AKQA chief creative officer Rei Inamoto on why brands shouldn’t advertise on mobile
The promise of mobile as a marketing tool has been “exaggerated” according to the chief creative officer of ad agency AKQA, Rei Inamoto, who has urged brands not to use mobile as an advertising tool.
Speaking to The Drum at the D&AD’s inaugural Judging Week, Inamoto said that as the industry continues to dub each new year the "year of mobile" brands remain misunderstanding of the medium.
“To an extent I think the promise of mobile in relation to marketing has been exaggerated,” he revealed. “The biggest misconception about mobile and the biggest mistake that advertisers make about mobile is to treat it like an advertising channel. Instead we should use it as a way to provide service not to provide a message.”
To emphasise his point Inamoto said that brands which make the miscalculation of waiting for the year of mobile as an advertising mechanic to arrive, should instead aim to be inherently relevant on the medium.
He cited Uber as example, pulling in illustrations of its model, which though one of the biggest transport companies globally doesn’t physically own any taxis. “They don’t own any vehicles technically,” he said “But they are relevant through mobile, that’s how they serve the need of consumers.”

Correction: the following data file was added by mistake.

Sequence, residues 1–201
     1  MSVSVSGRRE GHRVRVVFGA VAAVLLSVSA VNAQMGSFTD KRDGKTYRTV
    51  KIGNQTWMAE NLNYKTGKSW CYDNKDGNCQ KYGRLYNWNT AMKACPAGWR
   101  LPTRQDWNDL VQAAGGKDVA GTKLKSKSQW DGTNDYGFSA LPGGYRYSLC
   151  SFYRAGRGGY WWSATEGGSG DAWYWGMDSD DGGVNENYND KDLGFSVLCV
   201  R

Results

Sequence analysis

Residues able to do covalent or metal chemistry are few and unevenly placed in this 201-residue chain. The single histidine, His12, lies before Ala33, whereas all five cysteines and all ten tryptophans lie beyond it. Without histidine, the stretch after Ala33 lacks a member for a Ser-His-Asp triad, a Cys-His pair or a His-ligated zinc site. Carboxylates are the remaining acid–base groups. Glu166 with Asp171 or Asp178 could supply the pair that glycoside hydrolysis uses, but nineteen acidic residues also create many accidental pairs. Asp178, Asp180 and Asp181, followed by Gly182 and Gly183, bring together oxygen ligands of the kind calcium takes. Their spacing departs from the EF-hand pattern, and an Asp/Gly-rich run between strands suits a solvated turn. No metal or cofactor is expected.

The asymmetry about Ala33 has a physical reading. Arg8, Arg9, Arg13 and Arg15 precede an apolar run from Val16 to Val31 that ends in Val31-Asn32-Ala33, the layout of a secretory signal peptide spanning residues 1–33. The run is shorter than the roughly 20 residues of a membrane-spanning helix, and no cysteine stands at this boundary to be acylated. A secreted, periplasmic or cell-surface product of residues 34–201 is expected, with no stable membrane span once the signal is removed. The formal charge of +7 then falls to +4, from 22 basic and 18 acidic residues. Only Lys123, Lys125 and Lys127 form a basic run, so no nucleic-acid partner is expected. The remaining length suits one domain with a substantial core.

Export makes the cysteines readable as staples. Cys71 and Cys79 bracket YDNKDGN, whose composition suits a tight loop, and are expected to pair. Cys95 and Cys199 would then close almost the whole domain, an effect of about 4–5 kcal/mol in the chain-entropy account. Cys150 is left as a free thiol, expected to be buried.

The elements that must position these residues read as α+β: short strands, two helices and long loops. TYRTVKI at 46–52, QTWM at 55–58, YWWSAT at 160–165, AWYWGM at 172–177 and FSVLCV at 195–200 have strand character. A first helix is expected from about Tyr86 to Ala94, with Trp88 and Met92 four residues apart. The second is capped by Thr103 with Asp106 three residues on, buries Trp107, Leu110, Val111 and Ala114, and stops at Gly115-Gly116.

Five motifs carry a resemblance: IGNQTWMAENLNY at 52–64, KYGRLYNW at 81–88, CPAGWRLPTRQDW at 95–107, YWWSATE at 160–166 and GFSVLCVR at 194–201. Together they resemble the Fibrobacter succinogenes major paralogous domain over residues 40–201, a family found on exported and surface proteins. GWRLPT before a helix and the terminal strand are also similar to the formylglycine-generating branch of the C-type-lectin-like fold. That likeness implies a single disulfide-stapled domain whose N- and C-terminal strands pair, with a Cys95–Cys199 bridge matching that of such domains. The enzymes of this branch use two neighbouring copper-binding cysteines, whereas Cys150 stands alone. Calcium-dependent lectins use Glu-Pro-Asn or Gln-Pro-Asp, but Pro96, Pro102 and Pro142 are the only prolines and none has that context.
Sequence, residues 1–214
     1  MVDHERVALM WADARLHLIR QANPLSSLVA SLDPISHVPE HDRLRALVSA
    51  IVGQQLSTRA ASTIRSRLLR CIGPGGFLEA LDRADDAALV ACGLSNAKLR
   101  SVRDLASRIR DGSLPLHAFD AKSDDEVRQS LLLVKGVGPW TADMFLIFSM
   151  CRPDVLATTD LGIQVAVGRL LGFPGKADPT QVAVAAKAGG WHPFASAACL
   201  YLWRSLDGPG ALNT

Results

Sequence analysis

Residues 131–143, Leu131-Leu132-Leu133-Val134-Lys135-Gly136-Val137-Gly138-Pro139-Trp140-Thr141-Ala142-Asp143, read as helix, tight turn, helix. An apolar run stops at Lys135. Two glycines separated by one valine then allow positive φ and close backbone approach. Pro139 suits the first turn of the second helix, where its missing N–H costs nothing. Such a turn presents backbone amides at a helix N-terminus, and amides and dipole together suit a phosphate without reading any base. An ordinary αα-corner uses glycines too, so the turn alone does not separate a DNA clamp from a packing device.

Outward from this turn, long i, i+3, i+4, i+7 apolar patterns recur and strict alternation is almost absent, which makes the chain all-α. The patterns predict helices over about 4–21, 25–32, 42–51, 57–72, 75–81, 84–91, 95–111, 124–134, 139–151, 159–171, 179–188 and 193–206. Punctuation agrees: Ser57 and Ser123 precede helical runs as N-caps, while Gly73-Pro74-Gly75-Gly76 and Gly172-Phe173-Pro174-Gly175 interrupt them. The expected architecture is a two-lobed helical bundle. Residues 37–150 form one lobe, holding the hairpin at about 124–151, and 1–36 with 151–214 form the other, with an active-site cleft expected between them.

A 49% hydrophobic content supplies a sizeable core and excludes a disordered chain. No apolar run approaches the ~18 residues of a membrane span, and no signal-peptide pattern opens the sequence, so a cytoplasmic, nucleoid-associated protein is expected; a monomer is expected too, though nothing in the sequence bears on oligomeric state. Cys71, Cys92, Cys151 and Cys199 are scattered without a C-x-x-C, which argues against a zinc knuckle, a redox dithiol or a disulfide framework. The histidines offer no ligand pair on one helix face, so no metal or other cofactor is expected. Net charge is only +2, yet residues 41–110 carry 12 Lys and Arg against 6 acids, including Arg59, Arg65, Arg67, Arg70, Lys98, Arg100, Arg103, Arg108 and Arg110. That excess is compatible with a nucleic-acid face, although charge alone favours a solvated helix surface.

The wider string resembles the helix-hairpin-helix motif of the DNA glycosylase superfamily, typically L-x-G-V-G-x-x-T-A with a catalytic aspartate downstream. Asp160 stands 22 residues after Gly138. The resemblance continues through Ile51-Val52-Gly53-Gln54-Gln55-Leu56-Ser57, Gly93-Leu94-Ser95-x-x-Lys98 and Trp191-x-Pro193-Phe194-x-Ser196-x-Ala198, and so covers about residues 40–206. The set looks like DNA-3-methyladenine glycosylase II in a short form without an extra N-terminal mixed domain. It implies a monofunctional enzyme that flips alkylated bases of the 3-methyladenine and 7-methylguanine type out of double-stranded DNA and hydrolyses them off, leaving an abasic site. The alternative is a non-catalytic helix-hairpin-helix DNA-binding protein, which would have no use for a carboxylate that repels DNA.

The latest marketing news and insights straight to your inbox.
Get the best of The Drum by choosing from a series of great email briefings, whether that’s daily news, weekly recaps or deep dives into media or creativity.Sign up
Speaking about the biggest challenges that AKQA clients bring to the agency, Inamoto said unequivocally that lies in the change of pace that digital throws into the mix. Despite being 20 years into the digital age, brands still approach AKQA asking for digital transformation help.
“Digital strategy and business transformation are what brands are requesting,” he said. “Either they are coming to us explicitly with that request, or beneath [the surface that] is really the question that they are either explicitly or implicitly asking themselves – how do you transform my business in the 21st century? I think it will continue to happen as technology forces change.”